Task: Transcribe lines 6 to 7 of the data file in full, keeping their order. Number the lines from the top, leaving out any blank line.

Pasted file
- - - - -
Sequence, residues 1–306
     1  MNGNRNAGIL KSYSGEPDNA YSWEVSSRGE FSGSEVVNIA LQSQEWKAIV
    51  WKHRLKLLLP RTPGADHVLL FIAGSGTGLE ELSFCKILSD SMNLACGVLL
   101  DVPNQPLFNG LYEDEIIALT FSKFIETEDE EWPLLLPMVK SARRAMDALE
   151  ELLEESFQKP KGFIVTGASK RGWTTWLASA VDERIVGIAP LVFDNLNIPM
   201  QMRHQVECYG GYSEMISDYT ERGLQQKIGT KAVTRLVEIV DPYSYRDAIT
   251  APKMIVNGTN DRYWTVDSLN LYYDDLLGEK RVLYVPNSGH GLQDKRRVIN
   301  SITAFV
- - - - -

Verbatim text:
   201  QMRHQVECYG GYSEMISDYT ERGLQQKIGT KAVTRLVEIV DPYSYRDAIT
   251  APKMIVNGTN DRYWTVDSLN LYYDDLLGEK RVLYVPNSGH GLQDKRRVIN